AB has made it once again into my breakfast routine, teaming up with an old classic: fruit. Warm raspberries + almond butter = the ‘healthier’ PB&J.
Right, who cares about healthy or not, let’s just eat it ’cause it’d be criminal not to.
A (long) note on the making of porridge:
When I first moved to England I knew zilch about porridge. Water and oats, ok, and er by the way, it looks freakin’ disgusting. But with proper sweetening it tastes very good and warms you up better than anything else on a wintry day. However it took me a long time to figure out what the right consistency of porridge was supposed to be like. I used to make it way too thick and also didn’t know how to much of it to make (the 30g serving you get when you buy prepackaged instant porridge oats is simply preposterous and should be legally banned; I now know 50g is much better, but it’s still a minimum).
Through much trial and error I have now perfected the way I make my porridge,
stealing borrowing tips and tricks from books, TV shows and word of mouth. The illustrious Mr Nigel Slater has his own perfect recipe, of course, and he explains the making of porridge thus:
“Pour three cups of water into a small saucepan and place over a moderate heat. Tip in one cup of medium oatmeal and bring to the boil, stirring constantly. As soon as the porridge starts to blip, add half a teaspoon of salt. Continue stirring until the porridge has been cooking for a total time of 5 minutes. Tip into warm bowls. Have a bowl of cold milk or cream ready. Lift a spoonful of hot porridge and dip it into the cold milk or cream and eat.” (The Observer, Life and Style)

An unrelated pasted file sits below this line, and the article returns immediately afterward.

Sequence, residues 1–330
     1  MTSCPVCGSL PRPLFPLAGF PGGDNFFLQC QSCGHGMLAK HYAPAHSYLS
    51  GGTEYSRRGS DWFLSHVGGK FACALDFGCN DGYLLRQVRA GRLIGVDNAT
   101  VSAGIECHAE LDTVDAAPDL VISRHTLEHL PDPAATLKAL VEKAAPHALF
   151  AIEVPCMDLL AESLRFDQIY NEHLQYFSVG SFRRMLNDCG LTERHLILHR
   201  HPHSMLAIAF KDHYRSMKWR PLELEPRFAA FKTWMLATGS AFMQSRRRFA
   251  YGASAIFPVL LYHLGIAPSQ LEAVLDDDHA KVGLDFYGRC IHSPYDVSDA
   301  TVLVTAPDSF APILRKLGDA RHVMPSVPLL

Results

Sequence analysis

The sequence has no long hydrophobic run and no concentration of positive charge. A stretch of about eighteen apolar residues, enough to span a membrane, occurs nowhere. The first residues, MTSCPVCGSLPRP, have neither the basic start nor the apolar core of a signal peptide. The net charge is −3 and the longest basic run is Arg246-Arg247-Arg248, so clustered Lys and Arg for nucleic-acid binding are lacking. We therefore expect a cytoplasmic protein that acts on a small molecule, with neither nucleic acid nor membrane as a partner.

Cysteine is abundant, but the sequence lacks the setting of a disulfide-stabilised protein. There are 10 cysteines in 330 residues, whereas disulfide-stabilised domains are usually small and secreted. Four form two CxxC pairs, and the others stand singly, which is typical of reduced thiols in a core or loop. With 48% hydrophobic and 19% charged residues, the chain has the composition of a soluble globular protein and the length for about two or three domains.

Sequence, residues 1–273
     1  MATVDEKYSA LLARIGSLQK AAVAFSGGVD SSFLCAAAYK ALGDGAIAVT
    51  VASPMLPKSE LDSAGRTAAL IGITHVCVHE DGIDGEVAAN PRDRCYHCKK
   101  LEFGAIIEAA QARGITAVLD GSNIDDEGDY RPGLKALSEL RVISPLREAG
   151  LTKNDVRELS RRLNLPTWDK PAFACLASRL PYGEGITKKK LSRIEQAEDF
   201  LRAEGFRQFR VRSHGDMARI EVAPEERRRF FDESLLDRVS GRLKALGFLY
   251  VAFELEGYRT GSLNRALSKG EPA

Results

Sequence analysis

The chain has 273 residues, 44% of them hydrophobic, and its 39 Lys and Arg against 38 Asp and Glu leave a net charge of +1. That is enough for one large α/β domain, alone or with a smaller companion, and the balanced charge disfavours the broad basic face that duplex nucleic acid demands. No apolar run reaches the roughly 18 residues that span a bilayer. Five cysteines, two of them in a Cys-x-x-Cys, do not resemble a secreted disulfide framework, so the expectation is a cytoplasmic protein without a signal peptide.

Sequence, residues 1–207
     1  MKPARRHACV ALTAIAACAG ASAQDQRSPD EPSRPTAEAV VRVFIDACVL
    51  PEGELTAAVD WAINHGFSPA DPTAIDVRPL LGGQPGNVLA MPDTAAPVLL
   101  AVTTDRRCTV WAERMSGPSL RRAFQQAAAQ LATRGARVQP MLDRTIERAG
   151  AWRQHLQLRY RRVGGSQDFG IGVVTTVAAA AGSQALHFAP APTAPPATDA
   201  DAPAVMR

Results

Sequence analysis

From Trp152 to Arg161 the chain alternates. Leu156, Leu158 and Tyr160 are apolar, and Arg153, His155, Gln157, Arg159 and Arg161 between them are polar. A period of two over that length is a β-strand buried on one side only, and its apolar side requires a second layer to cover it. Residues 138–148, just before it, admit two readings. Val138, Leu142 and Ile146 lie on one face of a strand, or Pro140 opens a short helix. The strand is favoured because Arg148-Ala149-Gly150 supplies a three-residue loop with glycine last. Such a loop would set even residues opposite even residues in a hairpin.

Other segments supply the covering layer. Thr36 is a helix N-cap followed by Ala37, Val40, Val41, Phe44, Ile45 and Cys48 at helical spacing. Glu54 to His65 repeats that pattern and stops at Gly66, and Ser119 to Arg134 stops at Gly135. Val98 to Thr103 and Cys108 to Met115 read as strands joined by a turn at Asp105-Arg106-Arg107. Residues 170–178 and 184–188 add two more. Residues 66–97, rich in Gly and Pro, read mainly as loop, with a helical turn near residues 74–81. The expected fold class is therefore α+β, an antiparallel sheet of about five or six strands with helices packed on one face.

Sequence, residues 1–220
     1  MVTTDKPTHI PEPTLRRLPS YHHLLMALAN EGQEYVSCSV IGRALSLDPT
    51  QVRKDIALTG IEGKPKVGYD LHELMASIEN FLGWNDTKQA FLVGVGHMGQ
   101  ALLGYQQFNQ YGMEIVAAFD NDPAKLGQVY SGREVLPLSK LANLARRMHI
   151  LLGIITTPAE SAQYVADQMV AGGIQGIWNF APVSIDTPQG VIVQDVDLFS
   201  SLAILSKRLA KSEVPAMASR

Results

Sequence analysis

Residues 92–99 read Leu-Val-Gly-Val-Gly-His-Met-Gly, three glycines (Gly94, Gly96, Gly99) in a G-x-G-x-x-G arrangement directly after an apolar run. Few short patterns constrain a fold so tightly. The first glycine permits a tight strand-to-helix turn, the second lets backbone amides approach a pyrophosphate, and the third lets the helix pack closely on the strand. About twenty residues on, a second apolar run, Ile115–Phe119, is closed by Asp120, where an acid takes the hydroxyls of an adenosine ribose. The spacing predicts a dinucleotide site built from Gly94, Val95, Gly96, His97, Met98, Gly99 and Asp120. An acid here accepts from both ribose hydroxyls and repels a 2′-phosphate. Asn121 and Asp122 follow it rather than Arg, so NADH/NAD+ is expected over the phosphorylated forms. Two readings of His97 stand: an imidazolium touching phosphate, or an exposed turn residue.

Now I’ve never added any salt to my porridge, but then again I often forget to add that ‘pinch’ that is required in many, many recipes, and they all turn out fine regardless. To each their own; I encourage you to experiment and discover your own perfect porridge recipe.
What I do is this: I place the oats and liquid ingredients (half water, half milk) in a pan on medium heat and wait. Wait till the first bubble begins to swell, slowly, monstrously, and bursts with a deeply satisfying “plopff”. Then more and more bubbles swell and explode, and that’s when the porridge starts to thicken. You should let it erupt like this for a couple of minutes, then take it off the heat and serve immediately with your topping of choice. Remember that the porridge will thicken as it cools down, so I beg you resist the urge to add more liquid while it still cooks.
Cooking time: about 10 minutes
50g rolled porridge oats (anything but instant, basically)
50ml hot water
100ml almond milk
1/2 mashed or sliced banana
a handful of raspberries
1 tbsp agave syrup
1 generous tbsp almond butter
Combine the hot water, almond milk and oats in a small saucepan. Place on medium heat and wait patiently until, 4 or 5 minutes later, the first bubble appears. Let the porridge gently bubble this way for 1-2 minutes while you stir (clockwise!). Add the banana, mashed or sliced, it doesn’t matter, and stir around. It sweetens the porridge and add a little more bulk. Serve in a bowl and cover with a cloth to keep it warm.
Melt the almond butter either in the microwave or in a pan with a little bit of hot water to keep it from burning. Pour over the warm porridge.
In a small saucepan (this can be the same you used for the porridge, just rinse it out) cook the raspberries in the agave syrup on medium to high heat for a couple of minutes then serve over the porridge and almond butter.
Eat. Savour. Delight.
What about you?
P.S.: For the Americans… porridge is oatmeal. FYI.